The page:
Alistair Woods is thought to have netted as much as pounds 500,000 through a simple ruse that milked its victims through flattery.
He simply wrote to restaurants, saying they had passed a secret inspection and were entitled to a special certificate and inclusion in the forthcoming "1998 Good Restaurant Guide" - all for just pounds 19. Owners were unctuously congratulated and the money flowed in.
For many restaurants, from the humblest of back-street cafes to high- street brasseries, it seemed too good to be true. Alas, it was. The certificates were worth no more than the paper they were printed on and the guide never existed.
At the height of the scam, it is thought Woods cashed up to pounds 5,000 a week from cheques that rolled in to his first-floor flat in Leyton, east London.
When trading standards officers caught him in July they found pounds 80,000 in uncashed cheques. That day's mailbag alone contained another pounds 20,000 from delighted restaurateurs.
Using a PC and expensive printer, Woods had sent certificates to restaurants he had culled from a Thomson directory CD database. He was arrested on a host of charges including theft and deception after a joint operation by police and trading standards officers.
Investigators said Woods had devised similar schemes in the past, including guides for garages, florists, takeaways and hairdressers.
But Woods appears to have had the last laugh. He has been freed from Brixton prison in south London, where he was on remand, after the CPS decided there was not enough evidence to conclude the case successfully.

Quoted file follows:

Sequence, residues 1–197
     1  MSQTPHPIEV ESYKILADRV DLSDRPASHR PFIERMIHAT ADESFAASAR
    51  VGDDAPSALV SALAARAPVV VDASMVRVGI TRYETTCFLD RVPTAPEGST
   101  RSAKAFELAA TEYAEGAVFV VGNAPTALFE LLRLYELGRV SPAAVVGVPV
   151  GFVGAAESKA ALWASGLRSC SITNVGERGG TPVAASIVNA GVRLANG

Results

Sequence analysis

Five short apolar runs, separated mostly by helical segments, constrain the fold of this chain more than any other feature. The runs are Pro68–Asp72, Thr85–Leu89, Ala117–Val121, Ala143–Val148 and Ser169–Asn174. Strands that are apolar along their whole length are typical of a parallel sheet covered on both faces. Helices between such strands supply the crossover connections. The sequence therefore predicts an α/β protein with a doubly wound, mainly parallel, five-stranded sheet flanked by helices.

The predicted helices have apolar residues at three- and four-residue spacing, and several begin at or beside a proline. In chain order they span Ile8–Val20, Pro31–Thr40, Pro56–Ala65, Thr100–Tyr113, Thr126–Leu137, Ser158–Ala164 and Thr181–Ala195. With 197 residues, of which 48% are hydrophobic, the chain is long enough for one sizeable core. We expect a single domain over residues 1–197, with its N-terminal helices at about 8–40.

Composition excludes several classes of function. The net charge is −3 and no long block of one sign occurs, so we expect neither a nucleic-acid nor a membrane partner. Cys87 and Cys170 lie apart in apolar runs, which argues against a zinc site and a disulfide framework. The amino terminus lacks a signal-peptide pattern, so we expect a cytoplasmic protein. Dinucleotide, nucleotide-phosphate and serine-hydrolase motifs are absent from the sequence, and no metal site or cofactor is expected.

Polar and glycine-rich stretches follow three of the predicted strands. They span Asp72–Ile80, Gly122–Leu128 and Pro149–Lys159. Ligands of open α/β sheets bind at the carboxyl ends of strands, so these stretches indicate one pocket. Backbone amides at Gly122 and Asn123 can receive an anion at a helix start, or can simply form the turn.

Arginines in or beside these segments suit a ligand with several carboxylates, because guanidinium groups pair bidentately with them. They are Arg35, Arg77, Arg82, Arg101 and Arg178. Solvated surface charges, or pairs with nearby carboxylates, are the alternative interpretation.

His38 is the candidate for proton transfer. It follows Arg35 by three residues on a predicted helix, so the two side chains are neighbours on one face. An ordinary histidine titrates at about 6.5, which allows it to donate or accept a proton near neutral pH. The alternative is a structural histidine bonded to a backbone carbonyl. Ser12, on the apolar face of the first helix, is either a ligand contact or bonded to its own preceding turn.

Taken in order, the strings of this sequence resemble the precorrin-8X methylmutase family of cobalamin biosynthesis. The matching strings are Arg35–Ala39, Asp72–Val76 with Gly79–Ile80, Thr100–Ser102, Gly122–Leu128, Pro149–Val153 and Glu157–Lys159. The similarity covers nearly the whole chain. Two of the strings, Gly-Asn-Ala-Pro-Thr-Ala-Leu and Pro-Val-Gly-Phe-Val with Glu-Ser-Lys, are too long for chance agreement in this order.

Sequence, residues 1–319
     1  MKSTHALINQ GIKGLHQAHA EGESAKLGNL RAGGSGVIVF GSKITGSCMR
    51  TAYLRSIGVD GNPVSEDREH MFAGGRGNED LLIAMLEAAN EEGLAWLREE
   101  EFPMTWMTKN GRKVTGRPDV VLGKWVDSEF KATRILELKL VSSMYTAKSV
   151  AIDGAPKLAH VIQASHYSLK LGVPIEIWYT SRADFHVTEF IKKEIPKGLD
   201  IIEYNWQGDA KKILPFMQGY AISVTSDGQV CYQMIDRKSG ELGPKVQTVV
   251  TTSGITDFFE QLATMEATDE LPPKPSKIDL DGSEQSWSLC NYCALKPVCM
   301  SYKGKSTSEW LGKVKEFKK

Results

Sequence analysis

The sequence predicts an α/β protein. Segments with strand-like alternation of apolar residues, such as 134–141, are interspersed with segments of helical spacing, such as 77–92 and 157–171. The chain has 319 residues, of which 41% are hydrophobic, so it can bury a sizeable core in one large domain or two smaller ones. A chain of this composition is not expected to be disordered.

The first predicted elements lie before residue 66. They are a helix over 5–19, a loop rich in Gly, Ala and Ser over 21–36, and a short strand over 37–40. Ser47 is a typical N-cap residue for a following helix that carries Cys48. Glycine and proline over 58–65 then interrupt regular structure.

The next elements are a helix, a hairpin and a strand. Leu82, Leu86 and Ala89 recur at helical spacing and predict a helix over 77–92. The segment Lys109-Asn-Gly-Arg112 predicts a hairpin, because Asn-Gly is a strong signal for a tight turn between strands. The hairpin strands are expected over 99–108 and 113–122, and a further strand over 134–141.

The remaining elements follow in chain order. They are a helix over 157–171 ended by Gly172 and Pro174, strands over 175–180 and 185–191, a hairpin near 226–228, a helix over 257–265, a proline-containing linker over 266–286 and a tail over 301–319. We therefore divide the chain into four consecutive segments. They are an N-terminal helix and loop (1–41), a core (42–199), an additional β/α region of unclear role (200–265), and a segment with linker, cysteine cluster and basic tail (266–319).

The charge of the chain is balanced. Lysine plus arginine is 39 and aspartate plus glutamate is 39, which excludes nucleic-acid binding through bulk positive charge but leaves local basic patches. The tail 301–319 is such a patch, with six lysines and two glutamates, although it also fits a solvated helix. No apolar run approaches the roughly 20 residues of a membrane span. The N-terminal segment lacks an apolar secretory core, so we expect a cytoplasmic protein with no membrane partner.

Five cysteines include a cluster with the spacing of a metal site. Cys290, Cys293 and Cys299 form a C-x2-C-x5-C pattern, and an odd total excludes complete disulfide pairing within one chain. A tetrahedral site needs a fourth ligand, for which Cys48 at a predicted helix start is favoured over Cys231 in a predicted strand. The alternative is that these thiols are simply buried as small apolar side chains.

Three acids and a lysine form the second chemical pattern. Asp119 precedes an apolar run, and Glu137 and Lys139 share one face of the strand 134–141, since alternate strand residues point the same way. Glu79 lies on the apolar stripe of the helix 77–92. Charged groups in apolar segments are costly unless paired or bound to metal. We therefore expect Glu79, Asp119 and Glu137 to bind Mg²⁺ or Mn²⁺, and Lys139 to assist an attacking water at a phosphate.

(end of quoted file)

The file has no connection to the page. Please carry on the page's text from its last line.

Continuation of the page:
Despite reams of evidence from investors, Woods cannot be tried because he ultimately did send certificates - however worthless - to those who sent him money.
The outcome has infuriated police and council officials. Woods, a former electrician, has now left Britain for South Africa to be with his wife and nine-year-old boy.
Detective Constable Dave Job, of Leyton CID, said: "It would have been nice to have put this forward as a test case, as we think no jury would have considered it right or proper. It means he is free to do it again - in theory, basically anybody could."
One London trading standards officer said: "It has taken a lot of time to get him and now we find all our hard work has been wasted.
"Thousands of restaurants around the country have been ripped off and if this is the CPS's idea of public service then perhaps they should think about getting other jobs."
t Police are hunting a conman who duped businessmen out of thousands of pounds after offering crates of champagne at knockdown prices.
At least 25 embarrassed executives have confessed to being conned by the man, who told them he had a few cases left over from an office party. He took the money but the bottles never appeared. Detectives say he has netted pounds 50,000 over the past three months by offering to take pounds 100 for a case that would normally cost at least three times as much.
Suspicions were raised in May when the man tried his technique on the chief executive of the British Olympic Association in Wandsworth, south London, who became suspicious and called police.
Scotland Yard officers fear he may now be trying the same trick outside the London area. They have named a man they want to interview - 52-year-old John Claugston, originally from Brighton.Reuse content